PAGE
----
Hitachi has announced the commercial launch of its water-cooled notebook PC, a 1.8GHz mobile Pentium 4-based machine which uses a patented Hitachi system to aid heat dissipation.
Most notebooks are cooled by air fans, and as processors have grown more powerful and begun to generate more heat, these fans have become more numerous, larger, and have needed to spin faster.
This has also meant that fans have become noisier and might not be suitable for use in places like libraries, Hitachi said.
The new Flora 270W Silent Model uses a water-based solution tank, instead of a fan or fans for cooling down the processor. Hitachi announced a working prototype using this technology in February.
The water-based solution runs through a flexible tube that is placed over the chips and absorbs heat. The heated water solution is then sent to the display part of the notebook to be stored in a tank where it cools down.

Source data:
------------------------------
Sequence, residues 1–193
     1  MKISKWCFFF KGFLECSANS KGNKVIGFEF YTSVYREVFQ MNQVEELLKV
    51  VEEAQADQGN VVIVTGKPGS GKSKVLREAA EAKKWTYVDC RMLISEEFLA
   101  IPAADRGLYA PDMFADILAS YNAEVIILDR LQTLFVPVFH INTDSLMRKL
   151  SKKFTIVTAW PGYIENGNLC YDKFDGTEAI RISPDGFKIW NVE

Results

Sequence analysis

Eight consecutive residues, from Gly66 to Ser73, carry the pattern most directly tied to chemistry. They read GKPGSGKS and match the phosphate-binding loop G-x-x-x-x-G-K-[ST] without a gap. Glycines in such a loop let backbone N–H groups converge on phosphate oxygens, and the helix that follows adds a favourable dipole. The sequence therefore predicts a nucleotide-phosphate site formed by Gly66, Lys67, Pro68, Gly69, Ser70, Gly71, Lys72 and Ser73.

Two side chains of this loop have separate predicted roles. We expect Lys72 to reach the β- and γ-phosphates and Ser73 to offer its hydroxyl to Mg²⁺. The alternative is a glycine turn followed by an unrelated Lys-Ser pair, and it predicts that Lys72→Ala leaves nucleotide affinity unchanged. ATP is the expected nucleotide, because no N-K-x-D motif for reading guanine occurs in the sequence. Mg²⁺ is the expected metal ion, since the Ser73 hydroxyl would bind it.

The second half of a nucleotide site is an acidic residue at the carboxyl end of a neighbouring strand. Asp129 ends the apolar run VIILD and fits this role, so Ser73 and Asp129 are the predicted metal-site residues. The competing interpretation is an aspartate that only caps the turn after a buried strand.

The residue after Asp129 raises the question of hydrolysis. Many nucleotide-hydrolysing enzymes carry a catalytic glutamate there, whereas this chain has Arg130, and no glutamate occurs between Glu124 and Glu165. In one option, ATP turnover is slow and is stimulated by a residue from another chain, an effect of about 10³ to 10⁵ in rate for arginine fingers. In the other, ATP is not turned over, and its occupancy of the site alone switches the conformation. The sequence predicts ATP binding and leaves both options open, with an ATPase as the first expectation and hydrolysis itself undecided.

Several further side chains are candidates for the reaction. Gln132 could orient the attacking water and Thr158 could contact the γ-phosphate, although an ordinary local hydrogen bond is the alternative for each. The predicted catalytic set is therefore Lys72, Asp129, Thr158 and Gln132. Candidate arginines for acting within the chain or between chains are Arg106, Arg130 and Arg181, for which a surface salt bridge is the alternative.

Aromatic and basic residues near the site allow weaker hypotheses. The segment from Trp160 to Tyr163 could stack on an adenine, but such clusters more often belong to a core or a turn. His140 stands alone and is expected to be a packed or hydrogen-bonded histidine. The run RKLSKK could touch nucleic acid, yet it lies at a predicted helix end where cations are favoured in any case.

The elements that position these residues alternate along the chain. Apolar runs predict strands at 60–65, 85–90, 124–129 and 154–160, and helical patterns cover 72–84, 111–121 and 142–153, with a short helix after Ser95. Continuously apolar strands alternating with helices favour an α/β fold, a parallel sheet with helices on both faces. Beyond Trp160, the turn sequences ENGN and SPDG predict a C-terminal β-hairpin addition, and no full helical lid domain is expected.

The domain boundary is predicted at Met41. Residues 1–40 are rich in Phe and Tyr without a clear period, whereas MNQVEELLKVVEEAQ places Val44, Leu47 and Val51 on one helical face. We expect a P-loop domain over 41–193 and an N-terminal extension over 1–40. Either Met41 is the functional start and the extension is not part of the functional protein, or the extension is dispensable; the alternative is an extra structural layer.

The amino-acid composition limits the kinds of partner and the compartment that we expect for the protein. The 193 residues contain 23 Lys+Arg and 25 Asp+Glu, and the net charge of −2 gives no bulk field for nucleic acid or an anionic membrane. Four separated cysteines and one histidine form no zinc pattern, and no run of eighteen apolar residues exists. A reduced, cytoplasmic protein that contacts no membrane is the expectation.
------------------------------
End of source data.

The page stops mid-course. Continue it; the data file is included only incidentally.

The solution can last for more than five years, the flexible tube can circulate the solution over 20,000 times and the pump works for more than 44,000 hours.
Plastic panels separate these water-cooling elements from high-voltage areas, in case of a solution leak from the cooling system. The Tokyo company also offers a three-year guarantee service for the product.
The products are equipped with a 1.8GHz mobile Intel 4 processor, 128MB of RAM, a 20GB hard disk drive and a 15-inch (37.5-centimetre) colour TFT (thin film transistor) LCD, and are priced at $US2,941. The products can be customised to connect via Ethernet, a modem or an IEEE802.11b interface.
Hitachi has already started taking custom orders from corporate customers at its online shopping site. The products are expected to be shipped on September 30 in Japan.
Hitachi has patents for the water-cooling system, and is trying to promote it as a standard throughout the industry.